Jim Tressel resigned Monday morning, and my mind immediately went to a strange place: a high school parking lot in Jeannette, Pa. It was the fall of 2007, Terrelle Pryor's senior year at Jeannette High, and the scene one afternoon at dismissal time fit perfectly with the overall theme of big-time college athletics and the near-impossibility of policing them under the current system.
Pryor is a pivotal player in the clumsy, slapstick drama that ended with Tressel's resignation. It's a pretty safe leap to link the beginning of the end for Tressel to the days leading up to Pryor's decision to attend Ohio State.
And the many people who played a role in that decision.
There were guys hanging around even then. They weren't trading signed gear for tattoos, but when you're the No. 1 high school player in the country, you attract a wide array of people. Some have pure motives; others don't. It's sometimes hard to tell the difference. Among those drawn to Pryor was Tony DeNunzio, then 78 years old, a local restaurant owner who openly told me he provided Pryor and his teammates with meals at his establishment.
But what separated DeNunzio from the average old-guy glad-hander came the fall day the Pittsburgh Post-Gazette published its high school football preview and put Pryor on the front in a photo illustration that depicted him wearing a football uniform on one half of his body and a basketball uniform on the other. (Remember, Pryor was once a top-100 prep hoopster, too.)
And on that same afternoon, the afternoon I remembered when Tressel resigned, DeNunzio went to gas stations and grocery stores in Jeannette and bought every single copy of that newspaper. And then DeNunzio, remarkably energetic for 78, drove his Cadillac to Jeannette High school and passed out every one of those copies to the students leaving school.
DeNunzio and I were sitting in his restaurant as he detailed this scene -- I was in Jeannette reporting a story on Pryor for ESPN The Magazine -- and he must have sensed my astonishment. He had already told me stories of picking up Pryor and his friends to drive them to and from the mall. (Waiting in the car while they shopped, even.) But the successful businessman-turned-PR paperboy story took the story of a grandfatherly mentor to a different, disturbing level.
And then, without being asked, DeNunzio told me not to get the wrong impression. "I'm not Terrelle's agent," he said, even though nothing of the sort had been remotely suggested.
How does anybody -- the NCAA, Ohio State, even Pryor himself -- control stuff like this? Forget control; how does anybody even monitor stuff like this? There's an old man sitting in his Cadillac outside the mall while a bunch of 18-year-olds hang out. He'll sit there until they're done, and then he'll drive them home. If you're a kid without a ride or someone to provide it, it's worth hanging out with the old man to get what you want.
And if you're the old man with a few bucks and some civic pride, it's only natural for you to want to be a part of the biggest thing your depressed town has seen in your lifetime. You might be a big deal in a small place, but you're smart enough to identify and attach yourself to someone who's destined to be a big deal in a big place.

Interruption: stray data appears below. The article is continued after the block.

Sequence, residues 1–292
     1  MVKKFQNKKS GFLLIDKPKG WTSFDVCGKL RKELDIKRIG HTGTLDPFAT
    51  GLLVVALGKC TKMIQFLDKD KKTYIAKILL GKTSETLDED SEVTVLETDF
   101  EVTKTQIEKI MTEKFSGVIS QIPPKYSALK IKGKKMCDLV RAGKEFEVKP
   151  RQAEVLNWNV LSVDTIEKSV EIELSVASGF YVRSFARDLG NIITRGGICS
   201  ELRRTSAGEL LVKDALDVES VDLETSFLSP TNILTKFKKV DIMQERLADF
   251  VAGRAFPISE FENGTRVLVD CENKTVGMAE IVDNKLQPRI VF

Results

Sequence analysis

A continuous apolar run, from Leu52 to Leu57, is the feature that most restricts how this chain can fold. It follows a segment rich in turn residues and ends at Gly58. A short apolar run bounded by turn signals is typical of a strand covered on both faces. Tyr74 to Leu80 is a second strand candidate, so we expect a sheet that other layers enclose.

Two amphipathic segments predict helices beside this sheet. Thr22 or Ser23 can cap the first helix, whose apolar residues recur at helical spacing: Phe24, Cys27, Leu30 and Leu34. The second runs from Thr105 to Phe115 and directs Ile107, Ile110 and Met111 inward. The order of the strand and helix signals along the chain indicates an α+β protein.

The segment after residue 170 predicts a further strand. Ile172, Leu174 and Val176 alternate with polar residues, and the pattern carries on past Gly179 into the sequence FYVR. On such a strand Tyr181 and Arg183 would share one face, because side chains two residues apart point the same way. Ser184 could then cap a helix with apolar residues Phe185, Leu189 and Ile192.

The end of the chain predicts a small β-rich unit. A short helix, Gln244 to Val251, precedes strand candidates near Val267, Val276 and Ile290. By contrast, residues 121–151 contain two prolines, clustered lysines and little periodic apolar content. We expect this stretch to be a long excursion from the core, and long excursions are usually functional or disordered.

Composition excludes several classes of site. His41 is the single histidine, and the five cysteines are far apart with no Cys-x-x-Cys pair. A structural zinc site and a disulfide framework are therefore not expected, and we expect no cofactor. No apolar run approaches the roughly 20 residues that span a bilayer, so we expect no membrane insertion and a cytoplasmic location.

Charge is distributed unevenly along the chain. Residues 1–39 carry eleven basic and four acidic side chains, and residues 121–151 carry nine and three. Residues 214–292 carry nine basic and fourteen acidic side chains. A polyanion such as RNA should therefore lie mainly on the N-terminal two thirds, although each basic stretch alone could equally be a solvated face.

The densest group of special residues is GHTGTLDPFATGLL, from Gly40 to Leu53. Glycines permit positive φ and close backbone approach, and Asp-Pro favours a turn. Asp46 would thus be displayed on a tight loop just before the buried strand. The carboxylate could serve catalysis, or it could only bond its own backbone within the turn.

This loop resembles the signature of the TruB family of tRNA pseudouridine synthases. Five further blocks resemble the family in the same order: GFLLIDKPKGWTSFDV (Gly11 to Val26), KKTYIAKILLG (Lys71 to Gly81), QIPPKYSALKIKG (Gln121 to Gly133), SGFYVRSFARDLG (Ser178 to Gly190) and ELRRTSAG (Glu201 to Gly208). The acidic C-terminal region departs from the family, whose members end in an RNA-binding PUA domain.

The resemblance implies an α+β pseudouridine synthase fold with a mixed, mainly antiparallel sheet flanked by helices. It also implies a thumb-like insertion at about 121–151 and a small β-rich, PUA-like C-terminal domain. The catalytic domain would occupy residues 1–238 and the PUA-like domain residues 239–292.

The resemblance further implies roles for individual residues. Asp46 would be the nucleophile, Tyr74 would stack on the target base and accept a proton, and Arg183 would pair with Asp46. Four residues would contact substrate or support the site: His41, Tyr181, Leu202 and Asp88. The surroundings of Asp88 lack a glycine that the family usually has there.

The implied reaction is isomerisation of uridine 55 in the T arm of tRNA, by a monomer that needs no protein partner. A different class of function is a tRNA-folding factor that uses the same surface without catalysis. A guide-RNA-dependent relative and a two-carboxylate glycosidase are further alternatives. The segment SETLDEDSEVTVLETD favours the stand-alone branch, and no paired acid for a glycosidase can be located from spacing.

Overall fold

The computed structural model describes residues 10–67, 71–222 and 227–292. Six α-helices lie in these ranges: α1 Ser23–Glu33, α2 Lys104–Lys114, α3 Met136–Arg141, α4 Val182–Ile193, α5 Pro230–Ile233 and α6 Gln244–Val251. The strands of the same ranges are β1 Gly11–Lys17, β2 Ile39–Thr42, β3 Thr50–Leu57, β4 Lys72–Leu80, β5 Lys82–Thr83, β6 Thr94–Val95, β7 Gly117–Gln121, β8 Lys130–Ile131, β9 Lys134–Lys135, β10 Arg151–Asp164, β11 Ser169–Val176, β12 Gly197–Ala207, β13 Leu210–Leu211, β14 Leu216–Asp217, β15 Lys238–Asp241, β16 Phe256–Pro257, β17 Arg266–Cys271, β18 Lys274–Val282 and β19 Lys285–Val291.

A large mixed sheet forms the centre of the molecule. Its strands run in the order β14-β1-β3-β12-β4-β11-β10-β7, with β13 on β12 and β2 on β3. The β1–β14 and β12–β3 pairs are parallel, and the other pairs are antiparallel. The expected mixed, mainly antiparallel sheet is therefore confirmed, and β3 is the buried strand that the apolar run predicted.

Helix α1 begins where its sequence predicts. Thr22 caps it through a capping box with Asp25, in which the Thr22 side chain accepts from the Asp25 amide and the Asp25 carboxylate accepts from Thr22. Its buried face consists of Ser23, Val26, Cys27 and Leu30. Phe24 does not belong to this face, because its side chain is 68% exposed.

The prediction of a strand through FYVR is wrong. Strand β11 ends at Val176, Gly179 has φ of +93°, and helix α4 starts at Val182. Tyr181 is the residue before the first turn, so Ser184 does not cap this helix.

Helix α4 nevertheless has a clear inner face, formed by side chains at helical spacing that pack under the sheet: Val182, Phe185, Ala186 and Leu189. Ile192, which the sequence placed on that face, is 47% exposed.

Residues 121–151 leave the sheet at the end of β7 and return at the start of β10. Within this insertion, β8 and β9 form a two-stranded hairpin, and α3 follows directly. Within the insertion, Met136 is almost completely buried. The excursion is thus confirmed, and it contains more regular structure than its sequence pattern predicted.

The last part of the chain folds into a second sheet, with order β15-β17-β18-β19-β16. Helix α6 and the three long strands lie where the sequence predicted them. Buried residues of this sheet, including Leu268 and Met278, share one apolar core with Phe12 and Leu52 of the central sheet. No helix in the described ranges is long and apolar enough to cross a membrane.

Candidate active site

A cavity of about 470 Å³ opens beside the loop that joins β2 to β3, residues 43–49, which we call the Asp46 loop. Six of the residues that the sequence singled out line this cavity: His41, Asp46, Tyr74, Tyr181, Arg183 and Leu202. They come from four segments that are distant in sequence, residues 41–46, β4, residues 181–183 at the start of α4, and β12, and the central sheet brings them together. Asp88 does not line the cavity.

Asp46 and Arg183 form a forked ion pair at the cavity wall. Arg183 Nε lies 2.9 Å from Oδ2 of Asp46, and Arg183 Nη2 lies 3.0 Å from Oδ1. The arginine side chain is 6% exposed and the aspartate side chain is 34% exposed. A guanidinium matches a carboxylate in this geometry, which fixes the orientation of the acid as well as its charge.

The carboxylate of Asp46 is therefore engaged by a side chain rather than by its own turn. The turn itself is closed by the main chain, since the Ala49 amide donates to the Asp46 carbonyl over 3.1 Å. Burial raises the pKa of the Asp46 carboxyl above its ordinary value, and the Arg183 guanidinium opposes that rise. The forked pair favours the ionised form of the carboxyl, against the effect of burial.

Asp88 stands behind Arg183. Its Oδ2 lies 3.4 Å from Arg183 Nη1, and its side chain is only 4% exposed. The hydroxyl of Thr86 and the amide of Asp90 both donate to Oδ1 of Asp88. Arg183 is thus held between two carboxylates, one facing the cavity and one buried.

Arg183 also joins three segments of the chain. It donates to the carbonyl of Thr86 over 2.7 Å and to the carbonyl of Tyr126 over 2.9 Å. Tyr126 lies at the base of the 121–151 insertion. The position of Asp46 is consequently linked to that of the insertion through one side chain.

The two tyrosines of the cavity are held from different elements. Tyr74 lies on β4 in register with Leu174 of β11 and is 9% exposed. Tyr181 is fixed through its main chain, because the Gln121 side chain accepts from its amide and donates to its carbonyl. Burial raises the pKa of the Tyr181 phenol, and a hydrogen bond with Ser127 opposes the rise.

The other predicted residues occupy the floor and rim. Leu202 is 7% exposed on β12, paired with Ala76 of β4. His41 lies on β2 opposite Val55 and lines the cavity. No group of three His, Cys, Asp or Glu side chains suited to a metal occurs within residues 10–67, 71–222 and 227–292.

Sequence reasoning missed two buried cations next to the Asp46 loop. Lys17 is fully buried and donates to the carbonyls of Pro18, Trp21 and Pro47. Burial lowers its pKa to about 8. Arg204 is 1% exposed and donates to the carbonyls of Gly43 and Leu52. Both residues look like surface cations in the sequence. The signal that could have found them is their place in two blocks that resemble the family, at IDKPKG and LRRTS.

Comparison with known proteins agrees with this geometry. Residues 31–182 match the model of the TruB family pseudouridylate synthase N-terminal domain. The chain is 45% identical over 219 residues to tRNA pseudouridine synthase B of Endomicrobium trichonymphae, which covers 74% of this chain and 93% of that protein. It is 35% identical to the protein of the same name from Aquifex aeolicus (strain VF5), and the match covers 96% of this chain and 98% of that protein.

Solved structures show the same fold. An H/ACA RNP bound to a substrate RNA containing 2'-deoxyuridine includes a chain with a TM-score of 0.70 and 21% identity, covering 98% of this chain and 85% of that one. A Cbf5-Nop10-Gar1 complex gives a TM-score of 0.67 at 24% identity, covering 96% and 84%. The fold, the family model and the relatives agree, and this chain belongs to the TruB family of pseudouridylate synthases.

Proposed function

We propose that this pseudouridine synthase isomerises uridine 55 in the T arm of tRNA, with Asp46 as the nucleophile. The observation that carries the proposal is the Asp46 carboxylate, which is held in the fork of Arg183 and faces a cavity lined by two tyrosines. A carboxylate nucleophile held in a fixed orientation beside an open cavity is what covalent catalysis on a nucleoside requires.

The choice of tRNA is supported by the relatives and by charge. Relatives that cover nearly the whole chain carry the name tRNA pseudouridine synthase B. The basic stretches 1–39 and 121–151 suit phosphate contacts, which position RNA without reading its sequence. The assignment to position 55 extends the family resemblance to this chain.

Pryor's coach at the time, Ray Reitz, expressed his frustration with the swirl of interest Pryor was attracting from high-profile locals. He mentioned DeNunzio and another successful businessman who decided to expand his role when the best high school football player in the country appeared in his small town. It turns out that Ted Sarniak, a local glass-factory owner, ended up being central to the Tressel investigation.
When Tressel received emails from a Columbus attorney warning him that Pryor and others were selling memorabilia and doing gear trades for tattoos, he didn't forward them to the NCAA or Ohio State officials. He forwarded them to Sarniak, who suddenly became described as Pryor's "mentor" in every media report.
Kind of the same way DeNunzio described himself to me.
Kind of the same way Tressel liked to describe his relationship to his players.
It's a big see-no-evil all the way around. For many years, Tressel managed to profess his closeness to his players while somehow remaining ignorant of nearly every non-football aspect of their lives. He wrote books about integrity while displaying very little. He looked for back-alley solutions, like handing off to Sarniak, instead of taking on problems eye-to-eye. He made a big show of saying he allowed Pryor and the other three memorabilia-tainted players to compete in the Sugar Bowl only after they promised to serve their five-game suspensions next year and not bolt for the NFL.
Now? He's gone, and they're left to sit out the first five games or -- as Pryor might -- look into an opt-out method of getting paid for real.
And the system that promotes this type of corruption continues. If there's ever been a time to take a serious look at all the well-meaning but traditionally ignored proposals for reform, now might be it. Maybe a public airing of some of the more reasonable suggestions? This could be a seminal moment to decide whether college sports at the highest level continues on its duplicitous course or admits the obvious and becomes a full-fledged minor league system for the NBA and NFL.
Because somewhere, there's a kid who's going to be wanted by every school in the country and a hundred coaches ready to chase him. And not far behind the player, for reasons that may or may not be altruistic, there's a man out there thinking about doing something you and I might find more than a little sad.
Like passing out newspapers in a high school parking lot.